Simsek was born to a family of guest workers from Anatolia. He played football with the other boys from his neighborhood, became a stonemason and married in Germany before having two daughters. Fourteen years ago, his wife divorced him and Simsek needed a fresh start. So he went to Turkey. Things weren't so bad -- at first.
Simsek sits under a pomegranate tree in his yard in Side, a seaside town located about 60 kilometers from Antalya. He looks at the beach bordering his property and talks about how he built a new life for himself here on the Turkish Riviera after more than 30 years in Germany. After completing his tour guide training, he convinced his boss to buy a white Mercedes bus. He painted colorful waterfalls and cliffs onto the side and began offering "Mountain safaris" for 20 a ticket. The bus seats 50 people.
Business was going well. On some days, he even had to rent a second bus. But now? Practically every week, a bomb goes off somewhere in the country, or a terrorist detonates a suicide belt. More than 300 people have died since June 2015 in nearly two dozen attacks by Islamic State or the banned Kurdistan Workers Party. On the last Tuesday in June, three suicide bombers killed 45 people and injured 240 others at Atatürk Airport in Istanbul. Ankara suspects Islamic State was behind the attack.
In the first five months of 2016, the number of foreign visitors to Antalya dropped by more than 40 percent. Economists worry this could amount to a 7 billion loss in revenue. Along the Turkish Riviera, almost all the hotels have had to take out loans.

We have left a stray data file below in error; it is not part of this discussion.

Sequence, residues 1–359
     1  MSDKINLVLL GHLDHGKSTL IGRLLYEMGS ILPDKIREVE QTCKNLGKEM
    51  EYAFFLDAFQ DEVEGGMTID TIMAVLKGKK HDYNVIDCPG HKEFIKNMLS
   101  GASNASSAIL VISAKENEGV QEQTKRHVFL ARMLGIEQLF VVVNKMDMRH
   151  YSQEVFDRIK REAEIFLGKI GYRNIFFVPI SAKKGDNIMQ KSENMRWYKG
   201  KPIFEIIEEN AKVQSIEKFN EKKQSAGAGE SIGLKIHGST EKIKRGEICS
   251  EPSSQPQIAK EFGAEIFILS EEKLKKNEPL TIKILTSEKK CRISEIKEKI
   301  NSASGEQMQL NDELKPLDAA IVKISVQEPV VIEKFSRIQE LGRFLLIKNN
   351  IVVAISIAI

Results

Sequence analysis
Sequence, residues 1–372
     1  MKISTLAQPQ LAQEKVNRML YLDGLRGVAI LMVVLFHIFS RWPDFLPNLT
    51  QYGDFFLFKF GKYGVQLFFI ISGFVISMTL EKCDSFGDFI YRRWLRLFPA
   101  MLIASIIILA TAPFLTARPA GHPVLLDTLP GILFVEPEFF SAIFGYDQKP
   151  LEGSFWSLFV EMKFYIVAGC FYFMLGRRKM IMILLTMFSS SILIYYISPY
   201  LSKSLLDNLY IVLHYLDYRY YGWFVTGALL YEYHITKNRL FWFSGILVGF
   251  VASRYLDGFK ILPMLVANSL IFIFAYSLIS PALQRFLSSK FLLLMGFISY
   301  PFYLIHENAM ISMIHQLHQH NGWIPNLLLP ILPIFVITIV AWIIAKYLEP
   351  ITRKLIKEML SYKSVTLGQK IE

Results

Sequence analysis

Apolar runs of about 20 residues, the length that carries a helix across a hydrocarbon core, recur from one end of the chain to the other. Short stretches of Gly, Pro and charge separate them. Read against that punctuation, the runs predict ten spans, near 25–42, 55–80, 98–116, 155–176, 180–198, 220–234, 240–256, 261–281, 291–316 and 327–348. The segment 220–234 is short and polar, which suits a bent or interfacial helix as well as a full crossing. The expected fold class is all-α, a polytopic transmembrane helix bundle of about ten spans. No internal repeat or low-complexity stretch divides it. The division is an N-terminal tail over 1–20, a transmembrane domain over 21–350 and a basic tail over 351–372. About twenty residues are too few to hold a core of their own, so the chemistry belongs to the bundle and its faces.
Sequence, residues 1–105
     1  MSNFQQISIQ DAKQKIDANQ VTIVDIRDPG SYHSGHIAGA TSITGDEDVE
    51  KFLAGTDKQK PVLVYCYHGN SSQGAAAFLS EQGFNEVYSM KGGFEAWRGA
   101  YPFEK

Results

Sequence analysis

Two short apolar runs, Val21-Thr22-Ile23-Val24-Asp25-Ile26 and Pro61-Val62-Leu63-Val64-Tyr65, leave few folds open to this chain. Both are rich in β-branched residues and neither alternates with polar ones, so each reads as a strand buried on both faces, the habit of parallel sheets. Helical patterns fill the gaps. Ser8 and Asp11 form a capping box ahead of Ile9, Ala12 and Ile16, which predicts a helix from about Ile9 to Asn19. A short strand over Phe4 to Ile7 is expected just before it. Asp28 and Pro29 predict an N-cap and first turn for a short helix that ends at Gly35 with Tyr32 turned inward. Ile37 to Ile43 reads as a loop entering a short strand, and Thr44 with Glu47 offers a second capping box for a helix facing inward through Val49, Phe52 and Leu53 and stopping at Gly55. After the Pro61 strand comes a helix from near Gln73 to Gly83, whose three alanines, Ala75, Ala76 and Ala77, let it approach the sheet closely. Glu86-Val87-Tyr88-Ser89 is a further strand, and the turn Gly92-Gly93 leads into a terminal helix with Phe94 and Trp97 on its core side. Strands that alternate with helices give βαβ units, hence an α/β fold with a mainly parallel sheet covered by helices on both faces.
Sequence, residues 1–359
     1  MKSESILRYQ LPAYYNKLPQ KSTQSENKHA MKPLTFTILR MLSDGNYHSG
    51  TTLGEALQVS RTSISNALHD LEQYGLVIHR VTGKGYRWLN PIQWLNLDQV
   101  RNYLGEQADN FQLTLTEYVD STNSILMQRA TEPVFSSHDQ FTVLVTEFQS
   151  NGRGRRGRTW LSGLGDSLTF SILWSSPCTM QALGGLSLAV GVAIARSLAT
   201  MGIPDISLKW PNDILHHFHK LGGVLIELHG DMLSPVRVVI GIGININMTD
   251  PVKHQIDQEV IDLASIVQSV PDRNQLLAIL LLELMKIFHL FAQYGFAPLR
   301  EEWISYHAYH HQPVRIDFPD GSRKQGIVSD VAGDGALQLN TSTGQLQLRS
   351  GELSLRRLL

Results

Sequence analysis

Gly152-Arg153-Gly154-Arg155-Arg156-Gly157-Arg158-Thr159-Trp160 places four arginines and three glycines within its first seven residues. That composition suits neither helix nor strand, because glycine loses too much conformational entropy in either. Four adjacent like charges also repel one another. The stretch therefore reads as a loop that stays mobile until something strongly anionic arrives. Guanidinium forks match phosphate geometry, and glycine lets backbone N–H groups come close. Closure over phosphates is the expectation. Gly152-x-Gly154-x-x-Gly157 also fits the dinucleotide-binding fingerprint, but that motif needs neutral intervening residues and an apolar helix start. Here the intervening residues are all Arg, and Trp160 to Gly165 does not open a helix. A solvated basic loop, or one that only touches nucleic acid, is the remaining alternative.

Until recently, Turkey's travel industry was generating more than 6 percent of the country's gross domestic product with nearly one in 10 jobs depending on tourism. The sector, observers say, has sufficient financial reserves to keep going for a year, two at the most. After that, 30 to 40 percent of the hotels and restaurants will have to close, which would cost thousands of jobs.
Simsek walks along the empty beach promenade in Side, past closed hotels and restaurants. The last time he took guests into the Taurus Mountains was three weeks ago, he says. "If things continue like this, I'll be bankrupt in half a year."
Turkey isn't the only travel destination that has lost its innocence. The world has become a dangerous place, or so it seems. In 2015 alone, there were dozens of attacks and numerous kidnappings outside Iraq and Syria for which Islamic State claimed responsibility. Tourists are especially "soft targets." Their behaviors and their routes are easily predictable, they're unsuspecting, sometimes naive and unprotected, and they don't know their way around. They're the perfect victims.